It's An Ill Wind Introduction Early Days Education Circa 1941–59 Graduate School, 1959–6 Toronto, 1963–95 Travel Some Conclusions An Addendum Notes References

Ricardo Afterword: A Memoir Continued

Early Days

My first conscious religious experience occurred sometime before age five when I was warned: ‘Get off that horse, or your father will kill you.’ It was a milk-delivery van in Letchworth, Hertfordshire, in the English Home Counties where my family had been evacuated during the London Blitz. And it was the Sabbath, on which day horse riding – and very much else – is forbidden by Jewish religious law.ii Thus at a tender age I was inducted into a complex world of social control. The dietary laws are particularly potent as will become clear.iii Those who accept the ‘yoke’ full-heartedly enjoy a profoundly meaningful and comforting existence. But many ‘orthodox’ treat the regulations somewhat selectively. My own childhood was a training in ambivalence, as I shall explain.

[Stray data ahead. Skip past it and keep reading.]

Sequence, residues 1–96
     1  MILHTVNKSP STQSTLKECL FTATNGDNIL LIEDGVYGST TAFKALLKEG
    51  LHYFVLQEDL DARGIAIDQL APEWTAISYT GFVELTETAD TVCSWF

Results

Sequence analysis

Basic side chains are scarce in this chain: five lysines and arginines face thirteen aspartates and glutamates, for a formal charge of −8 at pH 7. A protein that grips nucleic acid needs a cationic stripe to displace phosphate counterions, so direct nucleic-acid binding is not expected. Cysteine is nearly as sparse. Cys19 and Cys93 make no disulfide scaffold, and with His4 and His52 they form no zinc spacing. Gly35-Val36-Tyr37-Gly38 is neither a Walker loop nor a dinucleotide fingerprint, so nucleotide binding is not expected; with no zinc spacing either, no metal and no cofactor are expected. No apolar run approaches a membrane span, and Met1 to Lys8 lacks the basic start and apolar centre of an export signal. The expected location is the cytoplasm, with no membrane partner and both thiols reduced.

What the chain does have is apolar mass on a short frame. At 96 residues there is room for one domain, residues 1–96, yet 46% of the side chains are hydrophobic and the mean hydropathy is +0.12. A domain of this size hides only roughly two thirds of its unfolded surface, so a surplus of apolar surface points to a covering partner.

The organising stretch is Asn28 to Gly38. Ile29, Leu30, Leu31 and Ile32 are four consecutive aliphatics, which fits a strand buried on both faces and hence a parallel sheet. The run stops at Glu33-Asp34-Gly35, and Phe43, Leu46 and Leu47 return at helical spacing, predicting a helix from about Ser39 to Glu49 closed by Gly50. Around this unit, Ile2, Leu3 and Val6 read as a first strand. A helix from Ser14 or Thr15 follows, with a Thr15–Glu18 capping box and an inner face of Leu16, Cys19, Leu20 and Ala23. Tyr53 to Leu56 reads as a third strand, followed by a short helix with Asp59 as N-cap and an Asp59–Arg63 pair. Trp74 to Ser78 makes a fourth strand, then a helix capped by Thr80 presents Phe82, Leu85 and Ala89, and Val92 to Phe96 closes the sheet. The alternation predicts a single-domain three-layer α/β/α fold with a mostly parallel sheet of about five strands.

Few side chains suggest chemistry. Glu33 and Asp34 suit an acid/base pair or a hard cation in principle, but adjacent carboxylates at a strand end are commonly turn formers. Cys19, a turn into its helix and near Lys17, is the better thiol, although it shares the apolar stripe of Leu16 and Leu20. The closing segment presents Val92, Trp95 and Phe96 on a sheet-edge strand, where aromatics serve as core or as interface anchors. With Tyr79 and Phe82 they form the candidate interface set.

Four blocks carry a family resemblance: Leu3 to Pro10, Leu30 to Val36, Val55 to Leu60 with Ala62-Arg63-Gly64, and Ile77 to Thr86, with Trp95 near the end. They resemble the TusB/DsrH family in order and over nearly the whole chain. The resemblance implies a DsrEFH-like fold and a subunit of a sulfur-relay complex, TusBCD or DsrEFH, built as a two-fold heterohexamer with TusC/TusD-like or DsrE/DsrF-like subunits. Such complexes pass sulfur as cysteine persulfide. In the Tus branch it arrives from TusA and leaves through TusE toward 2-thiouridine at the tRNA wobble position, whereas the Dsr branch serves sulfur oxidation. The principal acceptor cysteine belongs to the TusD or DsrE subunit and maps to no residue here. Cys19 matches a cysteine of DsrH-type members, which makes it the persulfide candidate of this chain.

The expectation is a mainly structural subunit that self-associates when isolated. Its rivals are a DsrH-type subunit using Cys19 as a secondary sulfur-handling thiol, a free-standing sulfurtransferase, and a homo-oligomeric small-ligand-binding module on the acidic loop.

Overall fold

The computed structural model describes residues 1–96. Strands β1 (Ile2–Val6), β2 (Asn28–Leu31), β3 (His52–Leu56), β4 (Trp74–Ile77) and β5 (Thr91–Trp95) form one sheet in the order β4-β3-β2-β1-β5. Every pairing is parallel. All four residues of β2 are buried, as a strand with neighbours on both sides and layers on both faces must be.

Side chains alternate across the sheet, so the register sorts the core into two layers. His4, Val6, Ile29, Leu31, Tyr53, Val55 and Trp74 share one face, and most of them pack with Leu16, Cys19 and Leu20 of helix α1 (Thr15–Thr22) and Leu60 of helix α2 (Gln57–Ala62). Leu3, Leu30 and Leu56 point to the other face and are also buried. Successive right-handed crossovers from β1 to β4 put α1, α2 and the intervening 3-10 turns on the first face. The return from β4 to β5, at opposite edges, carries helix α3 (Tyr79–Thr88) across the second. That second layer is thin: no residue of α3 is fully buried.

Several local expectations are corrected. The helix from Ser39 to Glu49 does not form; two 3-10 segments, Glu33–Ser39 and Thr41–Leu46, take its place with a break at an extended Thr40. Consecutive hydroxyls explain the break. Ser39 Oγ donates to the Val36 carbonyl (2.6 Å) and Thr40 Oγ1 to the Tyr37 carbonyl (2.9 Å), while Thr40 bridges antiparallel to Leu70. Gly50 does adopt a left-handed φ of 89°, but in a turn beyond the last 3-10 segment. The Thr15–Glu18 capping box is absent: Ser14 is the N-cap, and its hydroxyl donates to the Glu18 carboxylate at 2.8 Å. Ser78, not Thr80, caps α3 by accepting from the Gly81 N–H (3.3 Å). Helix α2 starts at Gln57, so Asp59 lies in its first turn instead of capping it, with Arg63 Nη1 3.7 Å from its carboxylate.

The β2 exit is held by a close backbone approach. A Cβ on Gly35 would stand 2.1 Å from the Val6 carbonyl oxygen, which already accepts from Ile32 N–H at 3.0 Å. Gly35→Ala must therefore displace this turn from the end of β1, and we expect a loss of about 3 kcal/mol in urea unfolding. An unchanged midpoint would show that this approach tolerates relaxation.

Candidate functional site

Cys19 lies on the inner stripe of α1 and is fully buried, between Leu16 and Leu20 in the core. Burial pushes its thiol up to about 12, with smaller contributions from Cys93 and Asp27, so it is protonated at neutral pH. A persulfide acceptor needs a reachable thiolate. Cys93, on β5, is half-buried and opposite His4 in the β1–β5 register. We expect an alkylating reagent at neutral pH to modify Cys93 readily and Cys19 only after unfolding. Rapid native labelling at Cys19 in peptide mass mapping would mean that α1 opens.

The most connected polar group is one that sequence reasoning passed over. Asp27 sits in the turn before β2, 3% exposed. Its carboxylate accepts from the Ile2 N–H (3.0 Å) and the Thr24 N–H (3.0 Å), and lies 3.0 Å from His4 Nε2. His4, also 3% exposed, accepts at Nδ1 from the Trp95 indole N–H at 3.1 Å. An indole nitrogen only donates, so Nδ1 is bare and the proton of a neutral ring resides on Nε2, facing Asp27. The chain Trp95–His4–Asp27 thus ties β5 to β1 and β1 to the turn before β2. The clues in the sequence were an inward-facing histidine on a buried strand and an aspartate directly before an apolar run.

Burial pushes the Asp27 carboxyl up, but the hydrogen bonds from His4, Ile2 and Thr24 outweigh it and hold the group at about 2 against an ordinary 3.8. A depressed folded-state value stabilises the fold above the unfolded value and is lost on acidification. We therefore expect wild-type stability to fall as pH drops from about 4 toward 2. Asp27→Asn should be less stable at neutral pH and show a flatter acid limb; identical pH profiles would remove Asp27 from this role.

My father had left Austrian Galicia with his parents and siblings just before 1914 – the males to Holland and the females to Vienna. In 1918 the family joined up in Scheveningen and unsuccessfully tried the diamond business. My father emigrated in 1925 to Britain where he set up a successful clothing factory. He himself had no formal education, but was astute in business and also possessed great intellectual ability, as indicated by his Talmudic competence, attained informally and with extraordinary application at least from his arrival in Letchworth in 1940 until the end of his life in 1991. He was the sole support of his parents and several of his brothers and sisters who in the mid-1930s had emigrated to Palestine. (The one sister who remained behind was murdered in the Nazi clearing of the Jewish hospital in Apeldoorn.) He attached himself closely to religious teachers, relying on their advice in many personal matters; and after our return to London in 1951 he took an active role in the synagogue of a Chassidic Rabbi in his father’s tradition, a scholar of considerable distinction with whom I also studied and whose school my son attended many years later. It is not surprising, given his own background and experience, that my father was far from appreciative of the cultural, even the utilitarian, function of secular studies. Certainly the ‘university’ was suspect in the orthodox community at that time.